The hacker movie.
It is one of those subgenres which has come and gone, often morphing into either the spy film or the political thriller, the virtual reality film, the runaway A.I. film, the stalker film, or other equally unlikely categories of film.
It has also had a somewhat tenuous connection to science fiction as it is always far from clear how close to reality the tech used by our fictional hackers (or, as in films like War Games, the capabilities of their computers) might actually come.,
At its best we’re talking bleeding edge technologies which often bleed straight into out and out fantasy.
Which is another way of saying that I’m not entirely sure where we should file Nacho Vigalondo’s Open Windows.
However, it is also one of my favorites of the Spanish director’s films — and, notably, his first English language film. He’d made a name for himself with his Oscar winning short, 7:35 in the Morning, and then made a series of brilliant but eccentric science fiction films, starting with Time Crimes. His second film, Extraterrestrial, offered the oddest take ever on the Alien Invasion film, but it really didn’t prepare us for his next film, Open Windows.
But, after all, no two of his films have ever been the same.
Instead, Open Windows is supposedly the view of events on the screen of Nick Chamber’s laptop computer. Nick (Elijah Wood) is the head of a fan club dedicated to Jill Goddard (Sasha Grey), the Hollywood star of a series of zombie movies, and he’s been given special access to the Festival where she is unveiling her latest project.
But something has gone wrong, he doesn’t get his interview with her for his fan magazine, and an unseen voice talking to him over his computer drags him into an increasingly bizarre plot against Jill…
What surprised me, when I saw a behind the scenes video about the film, was that they had to repeat the same series of events exactly, over and over, to get all the shots from various angles they needed. After all, each separate view of what is happening appearing on Nick’s screen (most of it coming from the various security cameras the villain is hacking into — or persuading Nick to hack) had to be shot separately. The match is seamless, even though we often see multiple takes running on the screen at the same time. It is done so well that no one would ever guess the trick.
But then that is a large part of the film’s charm, as it all looks like low quality surveillance footage — and very accidental — and yet every image required careful planning.
Now, as this is an all-out action movie with a lot of thoroughly wild non-stop sequences involving cars, fights and explosions, there’s a lot of planning involved, even if the more-or-less found footage nature of the film does inevitably get strained a bit along the way. This is particularly true once we get towards the climax of the film, when Nick is far too busy to choose what images are on the screen, and it becomes harder and harder to believe that what we’re seeing are the automatic choices of the computer. Mind you, the switch from a full screen image to our first glimpse of the main screen doesn’t look quite right, either.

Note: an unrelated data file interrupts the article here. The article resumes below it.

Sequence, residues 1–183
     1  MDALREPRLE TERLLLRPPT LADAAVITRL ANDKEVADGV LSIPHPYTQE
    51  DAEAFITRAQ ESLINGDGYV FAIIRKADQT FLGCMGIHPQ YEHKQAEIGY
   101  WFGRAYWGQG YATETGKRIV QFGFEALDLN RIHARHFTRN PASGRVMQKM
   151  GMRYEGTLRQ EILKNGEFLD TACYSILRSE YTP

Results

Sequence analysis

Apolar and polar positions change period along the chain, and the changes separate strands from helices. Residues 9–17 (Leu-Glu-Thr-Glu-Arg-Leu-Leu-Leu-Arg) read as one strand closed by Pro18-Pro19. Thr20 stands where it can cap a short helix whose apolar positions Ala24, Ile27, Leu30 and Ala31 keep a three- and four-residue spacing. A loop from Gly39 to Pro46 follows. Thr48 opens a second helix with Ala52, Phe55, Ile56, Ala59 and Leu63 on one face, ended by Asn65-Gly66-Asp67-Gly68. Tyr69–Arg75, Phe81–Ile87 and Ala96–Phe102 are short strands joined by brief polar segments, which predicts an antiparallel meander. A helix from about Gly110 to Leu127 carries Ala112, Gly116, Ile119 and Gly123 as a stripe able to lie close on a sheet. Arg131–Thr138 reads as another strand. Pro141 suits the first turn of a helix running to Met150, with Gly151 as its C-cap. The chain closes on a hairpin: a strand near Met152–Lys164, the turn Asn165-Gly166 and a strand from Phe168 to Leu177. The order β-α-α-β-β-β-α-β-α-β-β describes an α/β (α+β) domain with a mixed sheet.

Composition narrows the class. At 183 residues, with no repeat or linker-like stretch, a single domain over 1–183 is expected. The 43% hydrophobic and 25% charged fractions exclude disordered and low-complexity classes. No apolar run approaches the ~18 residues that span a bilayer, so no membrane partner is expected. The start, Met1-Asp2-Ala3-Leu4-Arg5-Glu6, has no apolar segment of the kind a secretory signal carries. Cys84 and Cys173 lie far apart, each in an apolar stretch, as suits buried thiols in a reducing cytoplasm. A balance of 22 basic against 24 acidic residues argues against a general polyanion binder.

One of the strangest visuals we see involves a gestalt image generated from a bag full of small cameras, where we see a wireframe projection of the people and things near the cameras, with occasional flashes of images appearing within this 3-D framework. It plays a major part in the climax and is used with a lot of confidence (with, again, the computer making a lot of clearly aesthetic decisions!) but it is a little hard to buy.
Even if it is a pretty cool visual.
However, even though I’m pretending to be dispassionate, I’m still in love with this film after three or more viewings, spread out over several years. It all races along at an incredible pace, finding wild new ways to tell its story, and throwing one twist after another at us, including one which changes everything we’ve seen so far. I love the French Hacker team, Triops, who first appear as weird, green-lit masked figures in a darkened room before being revealed as something more routine; and the movie’s little games with time and place, where seeing everything that happens so often proves far more deceptive than we realize.
It’s been six years since Vigalondo’s last major film, the bizarre Kaiju film, Colossal (2016), with only a handful of anthology film entries, TV show episodes, a Spanish-language movie host gig, and a minor writing credit on the so-so Paradise Hills (2019) to show for it, and I really miss him. While previously, he would announce his new project right around the time he was promoting his latest film, he never did this after Colossal, and it’s far from clear whether we’ll see another major film from him anytime soon. Right now, IMDB lists a rather mysterious new film, The Comeback, which supposedly came out in China back in January. While it was originally talked-up as a feature film (or possibly as a tv series), it is listed as a twenty-three minute short and I have no idea whether this is a pilot film, part of a larger project, an attempt to raise money for the full film, or just a stray short.
Either way, I am looking forward to it, even if his entries into the various horror anthology films haven’t been too impressive (which is a strange thing to say about someone who has made some of the best short films ever, like 2002’s Código 7).
In the meantime, he’s got four great feature films to go back and re-watch.
But I’m still hoping for more.
That’s just part of the human condition, I’m afraid.
And, if you still haven’t seen it yet, then you really need to check out Open Windows, which is an eccentric and unique take on a very familiar type (or, I suppose more accurately, “types”) of movie, and a lot of wild and unpredictable fun…